social & justice


Karthika S Nair | Mar 21 2020
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Medha Patkar: Raising Voice For Women And Minorities Who Face Injustice 

"One man's ego is not greater than millions of lives." - Medha Patkar.

Medha Patkar caught the attention of the authorities as well as the people by serving as the voice for the most vulnerable people. Every time a major development is made by the authorities, there is a section of people who are forced to pay a heavy price for it. When the Sardar Sarovar dam was being built, a lot of Adivasis, Dalits and farmers' livelihood were affected by it. Medha Patkar is one of the activists who raised their concerns before the authorities.

Early Life And Education

Medha Khanolkar was born in Mumbai, Maharashtra on December 1st, 1954. She was no stranger to the essence of activism because of her parents. Her father Vasant Khanolkar is a freedom fighter and a labour union leader. Her mother Indumati, who worked as a gazetted officer in the Post and Telegraphs Department, was known for fighting for vulnerable women in society. 

Due to her interest in social work, Medha pursued a master’s degree in social work from the Tata Institute of Social Sciences (TISS).

She studied economic development and how it impacts society in general as part of her Ph.D. 

She worked with voluntary organisations in Mumbai's slums and tribal districts of North-East districts of Gujarat. She left her job as faculty at TISS and Ph.D. to focus on her fieldwork. 

Narmada Bachao Andolan

The work that brought Patkar to limelight was her fight for the people affected by the construction of Sardar Sarovar Dam. Scientists highlighted back then that the planning of dams was undemocratic. Environmentalists also questioned the unfair distribution of benefits. She founded the Narmada Bachao Andolan (Save the Narmada) in 1985. Narmada Bachao Andolan aims at highlighting issues faced by tribals, labourers, farmers, fishermen, their families, etc who live in and around Narmada valley.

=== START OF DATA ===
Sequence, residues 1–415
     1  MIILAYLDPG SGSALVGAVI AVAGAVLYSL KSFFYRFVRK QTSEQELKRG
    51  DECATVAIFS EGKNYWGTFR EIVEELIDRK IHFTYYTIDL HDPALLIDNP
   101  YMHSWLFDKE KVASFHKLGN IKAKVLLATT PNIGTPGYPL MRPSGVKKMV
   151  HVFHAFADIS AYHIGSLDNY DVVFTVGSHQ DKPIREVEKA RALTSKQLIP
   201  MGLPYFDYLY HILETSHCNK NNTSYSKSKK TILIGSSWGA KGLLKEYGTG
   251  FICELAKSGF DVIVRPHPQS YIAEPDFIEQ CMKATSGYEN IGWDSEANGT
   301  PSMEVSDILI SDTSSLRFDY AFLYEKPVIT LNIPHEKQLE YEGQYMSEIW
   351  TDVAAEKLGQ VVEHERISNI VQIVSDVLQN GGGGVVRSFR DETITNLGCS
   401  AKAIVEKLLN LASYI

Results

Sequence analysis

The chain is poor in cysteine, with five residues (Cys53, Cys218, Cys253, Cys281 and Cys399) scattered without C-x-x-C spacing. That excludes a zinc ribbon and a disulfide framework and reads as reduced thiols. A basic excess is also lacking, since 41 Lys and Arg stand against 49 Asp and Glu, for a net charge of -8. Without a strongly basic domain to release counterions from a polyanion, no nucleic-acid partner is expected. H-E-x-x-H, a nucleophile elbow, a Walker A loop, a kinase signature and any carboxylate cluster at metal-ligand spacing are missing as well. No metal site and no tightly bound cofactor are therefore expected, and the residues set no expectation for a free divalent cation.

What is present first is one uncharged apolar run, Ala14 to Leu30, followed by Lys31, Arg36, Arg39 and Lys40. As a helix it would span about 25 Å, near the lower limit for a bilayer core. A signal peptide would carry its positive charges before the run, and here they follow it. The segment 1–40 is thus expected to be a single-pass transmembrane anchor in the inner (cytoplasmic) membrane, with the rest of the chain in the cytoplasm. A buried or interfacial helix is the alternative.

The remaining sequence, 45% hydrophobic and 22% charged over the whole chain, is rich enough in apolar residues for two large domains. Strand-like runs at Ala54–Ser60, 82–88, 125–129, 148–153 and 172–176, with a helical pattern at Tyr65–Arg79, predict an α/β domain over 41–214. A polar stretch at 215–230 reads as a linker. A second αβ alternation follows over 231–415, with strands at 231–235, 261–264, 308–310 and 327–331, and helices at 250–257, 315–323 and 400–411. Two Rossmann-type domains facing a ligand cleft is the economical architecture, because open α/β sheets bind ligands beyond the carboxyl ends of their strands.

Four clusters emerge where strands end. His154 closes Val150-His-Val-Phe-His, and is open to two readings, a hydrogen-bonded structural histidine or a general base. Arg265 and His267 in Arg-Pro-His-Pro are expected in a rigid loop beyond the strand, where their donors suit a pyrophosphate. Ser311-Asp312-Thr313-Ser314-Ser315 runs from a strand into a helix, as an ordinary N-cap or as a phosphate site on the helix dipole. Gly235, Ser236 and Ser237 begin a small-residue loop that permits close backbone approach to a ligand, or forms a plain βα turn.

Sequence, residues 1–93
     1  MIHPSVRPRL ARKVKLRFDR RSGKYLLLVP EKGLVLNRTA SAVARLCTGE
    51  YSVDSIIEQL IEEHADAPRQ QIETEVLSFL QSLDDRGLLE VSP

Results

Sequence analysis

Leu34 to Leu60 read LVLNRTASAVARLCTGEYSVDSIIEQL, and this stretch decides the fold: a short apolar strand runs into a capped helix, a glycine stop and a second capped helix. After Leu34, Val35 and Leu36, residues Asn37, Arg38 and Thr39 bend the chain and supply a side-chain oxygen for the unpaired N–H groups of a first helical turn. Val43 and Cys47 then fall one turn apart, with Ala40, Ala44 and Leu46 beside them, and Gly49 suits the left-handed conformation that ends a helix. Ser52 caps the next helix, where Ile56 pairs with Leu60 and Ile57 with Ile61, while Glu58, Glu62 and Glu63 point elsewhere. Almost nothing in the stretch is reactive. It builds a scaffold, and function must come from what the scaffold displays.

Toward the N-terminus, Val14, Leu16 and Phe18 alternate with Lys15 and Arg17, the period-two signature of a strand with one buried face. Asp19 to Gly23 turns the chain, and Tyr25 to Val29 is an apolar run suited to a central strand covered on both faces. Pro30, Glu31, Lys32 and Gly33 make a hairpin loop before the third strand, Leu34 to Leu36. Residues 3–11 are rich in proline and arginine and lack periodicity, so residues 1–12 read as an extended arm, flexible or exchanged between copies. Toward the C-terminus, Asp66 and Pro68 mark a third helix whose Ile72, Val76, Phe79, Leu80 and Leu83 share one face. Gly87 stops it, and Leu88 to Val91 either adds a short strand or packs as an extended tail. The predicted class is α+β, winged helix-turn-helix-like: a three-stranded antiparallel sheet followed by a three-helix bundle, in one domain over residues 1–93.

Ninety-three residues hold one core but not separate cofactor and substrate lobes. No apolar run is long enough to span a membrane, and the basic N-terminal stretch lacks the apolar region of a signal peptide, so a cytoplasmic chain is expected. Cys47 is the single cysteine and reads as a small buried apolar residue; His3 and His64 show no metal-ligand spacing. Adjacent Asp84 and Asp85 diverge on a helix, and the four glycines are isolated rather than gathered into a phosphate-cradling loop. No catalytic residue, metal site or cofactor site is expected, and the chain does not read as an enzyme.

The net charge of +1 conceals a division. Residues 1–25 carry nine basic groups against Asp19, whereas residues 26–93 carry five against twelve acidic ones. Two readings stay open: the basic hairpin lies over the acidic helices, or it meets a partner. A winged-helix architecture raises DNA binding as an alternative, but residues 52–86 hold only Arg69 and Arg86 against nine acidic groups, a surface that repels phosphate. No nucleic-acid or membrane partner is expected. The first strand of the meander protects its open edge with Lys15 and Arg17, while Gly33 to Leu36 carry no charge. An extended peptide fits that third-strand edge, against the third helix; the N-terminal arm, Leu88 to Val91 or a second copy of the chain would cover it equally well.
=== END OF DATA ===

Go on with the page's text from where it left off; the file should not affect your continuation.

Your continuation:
She spoke about how 40,000 families who live along the Narmada valley will be displaced due to the construction of the Sardar Sarovar dam and that the government did not have any proper plan for the people. The dam was meant for the production of electricity and she also questioned the developmental strategy of linking rivers in India as a means to address water shortage issues. 

The Narmada Bachao Andolan undertook court actions, hunger strikes, social justice rallies and received support from celebrities. 

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They wanted to build pressure on the World Bank which had given a loan to India to build the dam. After they rallied and called for proper rehabilitation, in 1991, Morse Commission was established to look into the construction of the Sardar Sarovar Dam, the environmental impact and human displacement issues. The Andolan received a court verdict in their favour and the dam construction was stopped and demanded rehabilitation of people. 

Narmada Bachao Andolan, since 1992 ran School of Life (Jeevanshalas) with about 5,000 students who have passed out. They also established two micro-hydro projects which got submerged due to the Sardar Sarovar dam. 

National Alliance of People's Movements

She is one of the founders of the National Alliance of People’s Movements (NAPM) which is an alliance formed by many progressive people's groups, which are aimed at socio-economic justice, political justice and equity in society. 

As part of the movement, Ghar Bachao Ghar Banao Andolan was formed for the Mumbai slum dwellers who were cheated by the government or builders over housing rights.

Through mass action, communities were rebuilt on the same sites and people attained their right to proper shelter, clean water, electricity, sanitation, etc.

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She was part of various movements and political activities. She opposed the Kovvada Nuclear project in Andhra Pradesh saying that would be a disaster for ecology. 

She registered PIL in the High Court of Mumbai, against property tycoon Niranjan Hiranandani, alleging violations by him in terms of building luxury homes instead of affordable houses. The 2012 judgment directed Hirandani to build 3,144 houses for the low-income groups though the case is still going on. She organised protests to save the Sugar-Cooperative sector in Maharashtra from falling into the hands of politicians. The case against the Girna Sugar factory at Malegaon, Nasik, Maharashtra is pending before the Supreme court of India. 

She joined the Aam Aadmi Party (AAP) in 2014 and NAPM supported the AAP's campaign during the Lok Sabha elections. 


For her work with Narmada Bachao Andolan, she received the Right Livelihood Award in 1991. BBC England conferred her with the Green Ribbon Award for Best International Political Campaigner. In 1999, Amnesty International conferred her with the Human Rights Defender's Award. In 1999, BBC named her as the person of the year. In 2014, she received the Mother Theresa award for social justice. 

Other awards she received include the Deenanath Mangeshkar Award, Kundal Lal Award, Bhimabai Ambedkar Award, and Mahatma Phule Award. 

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She is regarded as an inspiration and icon for many working the social justice and marginalised people's rights.